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By Paul Daquilante • Staff Writer • 

Amity residents will pay more for water

AMITY - Beginning Jan. 1, the base residential water rate will rise by $5 each year for the next three years. The Amity City Council approved a resolution at this month's meeting that OKs the rate hike.

Amity is working to upgrade its water system. The city draws its water from the South Yamhill River.

The current intake system is a serious concern because it is not the right size for the river. The future plan is to move the intake point to a deeper and faster running portion of the river, which should improve capacity and functionality.

Other portions of the project will upgrade the water treatment facility and repair and improve the reservoir; increasing capacity, improving flow and simplifying maintenance requirements.

The city will use several different funding sources to complete the project, including a $1.6 million U.S. Department of Agriculture/Rural Development loan.

Amity is required to have utility rates that cover repayment of the loan, City Administrator Michael Thomas wrote in his report to the council. The city makes annual payments of $67,918.

There must be utility rates in place prior to when the first payment is made to ensure the loan can be repaid, Thomas wrote. The current rate structure does not meet USDA requirements to meet the loan obligation.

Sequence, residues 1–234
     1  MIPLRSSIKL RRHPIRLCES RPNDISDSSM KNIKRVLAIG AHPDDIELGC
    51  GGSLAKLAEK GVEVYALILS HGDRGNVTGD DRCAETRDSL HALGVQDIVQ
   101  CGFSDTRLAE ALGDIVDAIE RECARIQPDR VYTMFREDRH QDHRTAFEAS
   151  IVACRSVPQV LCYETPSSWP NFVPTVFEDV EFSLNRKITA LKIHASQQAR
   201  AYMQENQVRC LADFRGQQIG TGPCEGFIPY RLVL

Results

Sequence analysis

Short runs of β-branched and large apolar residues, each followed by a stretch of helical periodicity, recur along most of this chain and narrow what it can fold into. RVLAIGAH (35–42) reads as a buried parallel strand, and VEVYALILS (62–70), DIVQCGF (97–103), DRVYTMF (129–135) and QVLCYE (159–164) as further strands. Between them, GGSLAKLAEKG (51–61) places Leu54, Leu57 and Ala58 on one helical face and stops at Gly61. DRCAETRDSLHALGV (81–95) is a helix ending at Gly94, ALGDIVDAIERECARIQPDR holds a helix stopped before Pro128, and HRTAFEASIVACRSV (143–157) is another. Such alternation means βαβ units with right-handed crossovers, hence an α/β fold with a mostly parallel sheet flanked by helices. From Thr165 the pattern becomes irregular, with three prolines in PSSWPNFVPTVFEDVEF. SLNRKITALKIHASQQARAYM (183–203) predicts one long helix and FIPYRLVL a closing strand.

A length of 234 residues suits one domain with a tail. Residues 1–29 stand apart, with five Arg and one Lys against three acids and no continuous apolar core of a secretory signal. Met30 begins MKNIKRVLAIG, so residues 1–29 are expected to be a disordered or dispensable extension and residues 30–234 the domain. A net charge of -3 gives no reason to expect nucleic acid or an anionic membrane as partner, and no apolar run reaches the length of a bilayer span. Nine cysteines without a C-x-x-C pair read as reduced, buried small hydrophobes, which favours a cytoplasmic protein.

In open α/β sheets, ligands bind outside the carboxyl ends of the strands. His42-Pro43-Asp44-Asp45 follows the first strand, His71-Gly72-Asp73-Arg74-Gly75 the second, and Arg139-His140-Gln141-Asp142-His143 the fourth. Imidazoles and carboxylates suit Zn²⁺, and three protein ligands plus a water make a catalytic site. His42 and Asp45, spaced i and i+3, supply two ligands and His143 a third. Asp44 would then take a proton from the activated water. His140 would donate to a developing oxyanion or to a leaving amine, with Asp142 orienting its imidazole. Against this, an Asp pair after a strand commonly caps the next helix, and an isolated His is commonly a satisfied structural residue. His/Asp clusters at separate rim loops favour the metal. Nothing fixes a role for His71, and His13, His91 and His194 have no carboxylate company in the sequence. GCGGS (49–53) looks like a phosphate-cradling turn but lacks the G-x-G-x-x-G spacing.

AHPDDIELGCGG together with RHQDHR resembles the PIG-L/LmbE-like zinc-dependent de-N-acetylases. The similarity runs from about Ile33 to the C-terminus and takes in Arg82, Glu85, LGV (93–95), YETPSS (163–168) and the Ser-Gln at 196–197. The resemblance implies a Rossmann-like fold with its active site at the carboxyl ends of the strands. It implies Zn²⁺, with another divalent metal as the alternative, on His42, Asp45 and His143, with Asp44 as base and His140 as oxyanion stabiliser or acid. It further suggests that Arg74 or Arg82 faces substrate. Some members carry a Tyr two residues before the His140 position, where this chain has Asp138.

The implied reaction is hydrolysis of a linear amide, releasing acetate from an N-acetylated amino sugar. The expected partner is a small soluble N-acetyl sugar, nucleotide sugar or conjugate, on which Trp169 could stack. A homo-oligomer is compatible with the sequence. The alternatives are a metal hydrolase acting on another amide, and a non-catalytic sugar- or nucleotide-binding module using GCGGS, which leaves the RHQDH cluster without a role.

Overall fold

So, it is recommended that effective Jan. 1, the base water rate will increase by $5, from $38.56 to $43.56. Increases to $48.56 and $53.56 would follow in 2021 and 2022.

"If we do not do this, we're going to have a difficult time figuring out how to do the things that need to be done," Mayor Michael Cape said.

Residents will continue to pay the current monthly usage rate of $4.07 per 1,000 gallons.

In other business, it was decided the current $10 a month public safety fee charged to residents that helps fund two Yamhill County sheriff's deputies will remain in place. However, that amount will be reevaluated after the next YCSO contract is negotiated.

The city began contracting with the sheriff's office for law enforcement services after disbanding its longstanding police department.

A citizen addressed the council and said she is "very disappointed" with service that's being provided.

"We're paying all this money and not getting any service," she said. "During the middle of the night we do not see anyone."

Cape explained to her that the contract with the sheriff's office does not provide for patrol service on a 24/7 basis.

Another citizen characterized Nursery Street as a "breezeway" of traffic. She said vehicles go too fast, and it's an issue that must be recognized and handled by YCSO.

The council will meet next at 7 p.m. Wednesday, Oct. 2.

 

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